The Gauteng provincial biodiversity law: a critical evaluation
South Africa's rich biodiversity is one of the its most celebrated assets and before the Constitution of the Republic of South Africa, 1996 (Constitution), little uniformity prevailed across the country concerning its conservation. Section 24 of the Constitution is dedicated to the environment and affords everyone a right to an environment that is not harmful. It further demands that government put legislation and other measures in place to protect the country's biodiversity. Furthermore, Schedule 4A specifically mandates the national and provincial spheres of government to legislate on matters of biodiversity. The obligations placed on the state by the Constitution and the ratification of biodiversity agreements further resulted in the enactment of national acts and policies aimed at standardising regulatory measures pertaining to, inter alia, biodiversity. The National Environmental Management: Biodiversity Act 10 of 2004 (NEMBA) is the national biodiversity-specific law. Before the NEMBA there was no uniform legal standard for biodiversity conservation in the country, and each province had its conservation law, in the form of an Ordinance. The NEMBA brought a standardised approach to biodiversity conservation and imposes duties on all spheres of government. One of the implications of the NEMBA is that each province may have to enact biodiversity law albeit in conformance with national law. Situated against the background above, the Gauteng provincial legislature recently introduced the Gauteng Nature Conservation Bill, 2014 which is aimed at replacing the Gauteng Nature Conservation Ordinance 12 of 1983. This study considers the duties of provincial authorities (specifically the Gauteng Province) emanating from the NEMBA as national biodiversity law and at how these duties are reflected in the Gauteng Nature Conservation Bill.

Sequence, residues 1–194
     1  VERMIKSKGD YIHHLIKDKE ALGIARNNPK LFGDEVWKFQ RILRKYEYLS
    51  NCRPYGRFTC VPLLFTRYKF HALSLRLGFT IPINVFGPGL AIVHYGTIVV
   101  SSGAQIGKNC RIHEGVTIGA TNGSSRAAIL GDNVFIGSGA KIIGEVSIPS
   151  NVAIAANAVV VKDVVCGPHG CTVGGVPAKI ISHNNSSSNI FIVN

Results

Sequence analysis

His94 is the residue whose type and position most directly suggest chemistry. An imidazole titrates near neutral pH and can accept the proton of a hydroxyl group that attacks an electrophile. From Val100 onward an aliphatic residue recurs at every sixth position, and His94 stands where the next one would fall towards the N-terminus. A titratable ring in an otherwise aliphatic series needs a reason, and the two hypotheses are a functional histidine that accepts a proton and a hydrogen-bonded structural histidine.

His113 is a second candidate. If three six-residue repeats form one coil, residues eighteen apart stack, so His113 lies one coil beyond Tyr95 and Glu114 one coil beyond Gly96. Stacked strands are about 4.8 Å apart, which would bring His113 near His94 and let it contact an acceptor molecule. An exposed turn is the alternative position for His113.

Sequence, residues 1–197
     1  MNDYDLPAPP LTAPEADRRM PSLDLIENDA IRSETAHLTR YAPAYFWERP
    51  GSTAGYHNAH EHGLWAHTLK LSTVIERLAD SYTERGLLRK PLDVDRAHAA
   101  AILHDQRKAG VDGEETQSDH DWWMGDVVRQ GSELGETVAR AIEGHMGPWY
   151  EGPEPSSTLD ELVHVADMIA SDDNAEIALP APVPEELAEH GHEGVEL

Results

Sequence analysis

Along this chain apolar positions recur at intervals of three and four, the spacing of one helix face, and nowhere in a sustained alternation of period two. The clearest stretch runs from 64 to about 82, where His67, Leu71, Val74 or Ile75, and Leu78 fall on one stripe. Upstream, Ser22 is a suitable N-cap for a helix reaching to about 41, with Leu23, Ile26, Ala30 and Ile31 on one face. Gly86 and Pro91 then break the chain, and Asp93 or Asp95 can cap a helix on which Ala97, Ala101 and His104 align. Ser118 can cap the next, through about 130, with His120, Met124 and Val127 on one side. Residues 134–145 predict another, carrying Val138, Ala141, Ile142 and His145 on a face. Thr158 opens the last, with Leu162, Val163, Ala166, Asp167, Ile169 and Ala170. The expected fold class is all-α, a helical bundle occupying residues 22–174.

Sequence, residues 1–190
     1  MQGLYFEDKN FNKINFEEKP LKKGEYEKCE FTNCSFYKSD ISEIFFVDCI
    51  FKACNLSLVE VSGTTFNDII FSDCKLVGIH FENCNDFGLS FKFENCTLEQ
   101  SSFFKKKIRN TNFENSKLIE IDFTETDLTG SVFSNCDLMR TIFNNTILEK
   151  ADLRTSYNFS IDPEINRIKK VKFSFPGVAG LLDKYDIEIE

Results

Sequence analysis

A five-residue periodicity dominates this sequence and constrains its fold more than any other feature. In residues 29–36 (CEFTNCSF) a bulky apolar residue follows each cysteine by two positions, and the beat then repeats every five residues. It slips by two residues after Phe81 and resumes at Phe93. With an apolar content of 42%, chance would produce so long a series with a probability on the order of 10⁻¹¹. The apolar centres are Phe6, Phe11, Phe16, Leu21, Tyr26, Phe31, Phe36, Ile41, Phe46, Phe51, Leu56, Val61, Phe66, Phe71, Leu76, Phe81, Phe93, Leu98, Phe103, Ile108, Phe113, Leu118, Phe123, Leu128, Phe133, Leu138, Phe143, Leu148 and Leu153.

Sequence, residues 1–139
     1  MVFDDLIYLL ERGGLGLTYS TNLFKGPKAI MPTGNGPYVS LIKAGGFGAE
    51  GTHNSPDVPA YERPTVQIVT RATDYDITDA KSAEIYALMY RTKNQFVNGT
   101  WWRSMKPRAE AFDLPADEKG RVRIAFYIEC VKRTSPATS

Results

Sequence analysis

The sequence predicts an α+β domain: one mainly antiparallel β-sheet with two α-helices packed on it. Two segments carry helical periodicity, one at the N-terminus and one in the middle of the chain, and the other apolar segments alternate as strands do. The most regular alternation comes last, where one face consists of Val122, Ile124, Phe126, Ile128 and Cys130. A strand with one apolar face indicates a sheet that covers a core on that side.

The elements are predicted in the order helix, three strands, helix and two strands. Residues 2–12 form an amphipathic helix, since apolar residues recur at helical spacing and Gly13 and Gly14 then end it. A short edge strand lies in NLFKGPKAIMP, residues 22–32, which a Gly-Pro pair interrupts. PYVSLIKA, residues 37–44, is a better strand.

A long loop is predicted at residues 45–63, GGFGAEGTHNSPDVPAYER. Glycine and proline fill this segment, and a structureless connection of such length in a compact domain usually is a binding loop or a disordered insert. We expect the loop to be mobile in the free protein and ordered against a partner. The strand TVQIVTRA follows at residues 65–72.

- Law